4. How many of your current clients are 50 years or older? How long has that percentage been a part of your practice?
My practice includes clients who began with me in 1990, with about 60% being 50 years of age and older.  Joint pain and stiffness is the major chronic health problem in this aging population — much of it coming from decades of active lifestyles that have taken a toll on their body. Even so, many of them are much healthier, more agile, more physically confident, have less falls, are on less medications, and look younger than their peers. All of them attest that edge as a result of consistent massage therapy over many years.


5. In your work with older clients, what are the major chronic health problems you see in this population? Especially those you think are related to lifestyle? 
Falls cause the major shift from being active to suddenly being physically restricted. Because of this, I emphasize to my clients that physiologically massage therapy is considered exercise. Muscles are toned, circulation is improved, neuromuscular fascination is enhanced, and the body gains flexibility and balance. All of this helps prevent falling.

There is much documentation supporting massage therapy and its direct impact on the immune system and skin health. It does so by increasing blood flow and delivering vital nutrients to the physical structure of the body, including organ function and nerve response. When clients feel confident in their physicality, they are able to remain active in their later years and this active lifestyle supports muscle strength.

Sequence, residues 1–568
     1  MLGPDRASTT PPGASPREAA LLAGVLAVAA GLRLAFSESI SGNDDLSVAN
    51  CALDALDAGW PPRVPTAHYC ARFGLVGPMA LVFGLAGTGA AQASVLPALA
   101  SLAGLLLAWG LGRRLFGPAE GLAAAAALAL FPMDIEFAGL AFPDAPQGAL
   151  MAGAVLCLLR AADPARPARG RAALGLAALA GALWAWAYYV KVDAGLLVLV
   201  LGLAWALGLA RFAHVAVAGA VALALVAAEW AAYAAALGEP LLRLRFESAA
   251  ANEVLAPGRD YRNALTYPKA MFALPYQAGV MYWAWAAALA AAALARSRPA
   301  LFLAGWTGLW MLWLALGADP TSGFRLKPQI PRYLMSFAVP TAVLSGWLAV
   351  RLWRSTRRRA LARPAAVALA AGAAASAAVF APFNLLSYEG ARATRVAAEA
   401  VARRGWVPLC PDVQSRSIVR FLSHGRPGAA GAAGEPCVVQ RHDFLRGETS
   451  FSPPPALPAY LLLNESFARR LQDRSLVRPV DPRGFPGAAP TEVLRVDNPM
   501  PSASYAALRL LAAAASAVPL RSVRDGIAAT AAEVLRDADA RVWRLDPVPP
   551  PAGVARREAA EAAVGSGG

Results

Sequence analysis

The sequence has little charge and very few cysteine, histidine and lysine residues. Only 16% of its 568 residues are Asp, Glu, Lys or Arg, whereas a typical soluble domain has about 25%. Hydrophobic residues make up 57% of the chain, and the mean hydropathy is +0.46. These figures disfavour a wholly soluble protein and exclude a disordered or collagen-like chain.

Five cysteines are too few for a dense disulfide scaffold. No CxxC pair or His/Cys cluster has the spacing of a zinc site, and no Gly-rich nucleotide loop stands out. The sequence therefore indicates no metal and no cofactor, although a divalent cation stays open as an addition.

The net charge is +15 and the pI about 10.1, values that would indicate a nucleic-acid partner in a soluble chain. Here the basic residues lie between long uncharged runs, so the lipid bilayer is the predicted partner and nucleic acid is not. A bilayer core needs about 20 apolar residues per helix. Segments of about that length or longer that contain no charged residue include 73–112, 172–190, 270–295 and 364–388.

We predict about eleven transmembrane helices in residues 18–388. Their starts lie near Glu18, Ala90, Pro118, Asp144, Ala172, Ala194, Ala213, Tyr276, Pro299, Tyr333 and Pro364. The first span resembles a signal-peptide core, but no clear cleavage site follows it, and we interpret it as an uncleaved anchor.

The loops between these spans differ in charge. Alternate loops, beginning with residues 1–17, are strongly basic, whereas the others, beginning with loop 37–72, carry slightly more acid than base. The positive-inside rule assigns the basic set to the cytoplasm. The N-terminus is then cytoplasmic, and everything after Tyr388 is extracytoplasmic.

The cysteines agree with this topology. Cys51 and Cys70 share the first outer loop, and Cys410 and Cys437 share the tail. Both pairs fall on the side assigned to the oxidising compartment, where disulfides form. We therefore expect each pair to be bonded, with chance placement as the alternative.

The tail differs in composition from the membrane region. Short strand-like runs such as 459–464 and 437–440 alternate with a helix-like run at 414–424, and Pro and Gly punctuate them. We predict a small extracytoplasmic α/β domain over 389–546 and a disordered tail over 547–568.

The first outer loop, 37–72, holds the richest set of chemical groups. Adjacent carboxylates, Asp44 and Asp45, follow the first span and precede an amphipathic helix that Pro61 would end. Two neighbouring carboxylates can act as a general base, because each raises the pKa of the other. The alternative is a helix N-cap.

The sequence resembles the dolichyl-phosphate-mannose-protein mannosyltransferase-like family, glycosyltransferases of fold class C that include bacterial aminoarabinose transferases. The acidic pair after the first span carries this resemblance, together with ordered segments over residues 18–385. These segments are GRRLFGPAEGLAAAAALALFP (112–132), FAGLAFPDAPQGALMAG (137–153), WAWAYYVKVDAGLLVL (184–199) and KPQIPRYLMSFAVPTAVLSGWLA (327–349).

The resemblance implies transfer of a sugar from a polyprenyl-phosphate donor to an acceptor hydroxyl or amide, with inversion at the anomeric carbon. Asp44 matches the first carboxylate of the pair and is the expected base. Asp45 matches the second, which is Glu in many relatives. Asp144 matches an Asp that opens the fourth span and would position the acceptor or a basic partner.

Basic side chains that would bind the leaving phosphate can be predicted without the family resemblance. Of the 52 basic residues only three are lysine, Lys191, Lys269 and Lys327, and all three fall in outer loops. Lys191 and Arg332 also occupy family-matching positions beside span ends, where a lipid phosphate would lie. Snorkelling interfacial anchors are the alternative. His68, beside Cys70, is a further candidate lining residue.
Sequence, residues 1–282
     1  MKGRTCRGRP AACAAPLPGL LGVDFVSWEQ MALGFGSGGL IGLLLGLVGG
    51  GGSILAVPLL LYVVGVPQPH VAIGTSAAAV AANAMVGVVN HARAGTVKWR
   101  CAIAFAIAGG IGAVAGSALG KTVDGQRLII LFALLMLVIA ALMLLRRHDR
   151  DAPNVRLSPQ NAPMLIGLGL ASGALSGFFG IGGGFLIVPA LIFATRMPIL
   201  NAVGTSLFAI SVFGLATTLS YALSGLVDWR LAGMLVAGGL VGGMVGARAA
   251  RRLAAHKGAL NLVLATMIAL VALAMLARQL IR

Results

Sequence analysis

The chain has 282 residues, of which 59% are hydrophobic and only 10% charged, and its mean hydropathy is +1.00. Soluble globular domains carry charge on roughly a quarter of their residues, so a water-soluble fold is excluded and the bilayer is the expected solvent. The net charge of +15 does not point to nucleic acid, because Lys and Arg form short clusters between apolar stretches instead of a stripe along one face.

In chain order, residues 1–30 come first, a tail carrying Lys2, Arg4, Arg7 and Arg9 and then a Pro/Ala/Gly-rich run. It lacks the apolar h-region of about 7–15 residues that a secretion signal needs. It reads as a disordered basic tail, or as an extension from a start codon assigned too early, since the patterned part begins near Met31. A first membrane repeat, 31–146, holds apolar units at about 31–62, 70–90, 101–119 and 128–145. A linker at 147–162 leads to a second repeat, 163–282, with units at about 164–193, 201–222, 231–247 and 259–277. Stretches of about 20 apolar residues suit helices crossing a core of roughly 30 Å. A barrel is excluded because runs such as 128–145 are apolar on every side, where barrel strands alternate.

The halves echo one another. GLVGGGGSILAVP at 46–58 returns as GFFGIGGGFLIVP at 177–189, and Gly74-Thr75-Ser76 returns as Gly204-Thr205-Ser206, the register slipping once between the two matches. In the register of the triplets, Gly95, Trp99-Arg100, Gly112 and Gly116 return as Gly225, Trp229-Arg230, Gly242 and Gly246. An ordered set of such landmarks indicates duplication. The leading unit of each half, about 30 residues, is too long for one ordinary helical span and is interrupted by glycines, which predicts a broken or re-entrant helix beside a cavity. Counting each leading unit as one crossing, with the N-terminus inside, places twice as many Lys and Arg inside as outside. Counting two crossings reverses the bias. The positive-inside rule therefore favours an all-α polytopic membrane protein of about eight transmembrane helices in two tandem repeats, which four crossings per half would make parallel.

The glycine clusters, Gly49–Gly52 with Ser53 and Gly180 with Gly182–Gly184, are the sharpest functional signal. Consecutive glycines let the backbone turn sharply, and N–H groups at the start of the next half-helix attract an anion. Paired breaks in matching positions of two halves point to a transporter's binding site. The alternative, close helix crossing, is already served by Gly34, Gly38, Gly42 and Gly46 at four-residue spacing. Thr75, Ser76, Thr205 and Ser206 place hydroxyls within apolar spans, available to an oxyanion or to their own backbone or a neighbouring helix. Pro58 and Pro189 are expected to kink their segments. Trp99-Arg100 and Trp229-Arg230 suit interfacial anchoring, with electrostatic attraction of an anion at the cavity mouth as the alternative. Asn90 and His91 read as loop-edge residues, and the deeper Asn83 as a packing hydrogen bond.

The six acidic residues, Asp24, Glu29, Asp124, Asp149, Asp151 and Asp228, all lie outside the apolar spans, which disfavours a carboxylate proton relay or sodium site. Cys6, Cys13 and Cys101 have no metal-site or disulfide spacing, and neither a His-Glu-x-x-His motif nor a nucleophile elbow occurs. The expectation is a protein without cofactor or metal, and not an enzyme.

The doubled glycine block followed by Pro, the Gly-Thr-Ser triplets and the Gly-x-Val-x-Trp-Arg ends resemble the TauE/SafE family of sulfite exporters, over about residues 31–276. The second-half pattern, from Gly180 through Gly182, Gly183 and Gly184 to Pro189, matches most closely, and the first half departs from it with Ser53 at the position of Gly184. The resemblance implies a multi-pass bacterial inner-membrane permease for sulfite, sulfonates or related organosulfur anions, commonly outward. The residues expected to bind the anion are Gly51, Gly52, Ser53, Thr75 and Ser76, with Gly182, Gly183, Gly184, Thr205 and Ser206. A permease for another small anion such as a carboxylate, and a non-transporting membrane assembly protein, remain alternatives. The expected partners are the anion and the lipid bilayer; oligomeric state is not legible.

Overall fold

As clients continue to age, my approach to their massage therapy often changes. These clients enjoy a slower pace with less pressure and more emphasis on comfort. I proudly accept the title “Queen of Comfort” given to me by one client who, in addition to others, have benefitted from how I support their position on my table with bolster pillows, blankets, thermal adjustments, and a clean, safe environment.

I do see clients who are physically restricted because of an accident or illness. Some of these clients have advanced terminal disease and come for massage therapy as beneficial end-of-life respite from medical treatments in clinical settings. When the inevitable happens and I attend my client’s funeral, family members tell me that massage therapy was a blessing to their loved-one as the only relief from stress and pain.


6. If readers unfamiliar with massage therapy want to know more about it, what books, articles, or websites might you recommend?
There is good reading material on clinical research and the benefits of massage therapy on the American Massage Therapy Association website at this link:  https://www.amtamassage.org/findamassage/health_conditions.html 

I am a fan of a series of books by Robin McKenzie on simple techniques you can do at home to ease pain. A good one to start with is “7 Steps to a Pain-Free Life: How to Rapidly Relieve Back, Neck and Should Pain”. There is information on my web site about specific modalities.


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I want to thank Marilyn for participating in this interview process, and add just one more thing: One evening, after one of my Marilyn massages, she and I went for a beer afterwards, something we enjoy doing once or twice a year.  Later, as we hugged good-bye, I could feel in her slightest touch the full weight of her “healing hands”--even outside of the massage room.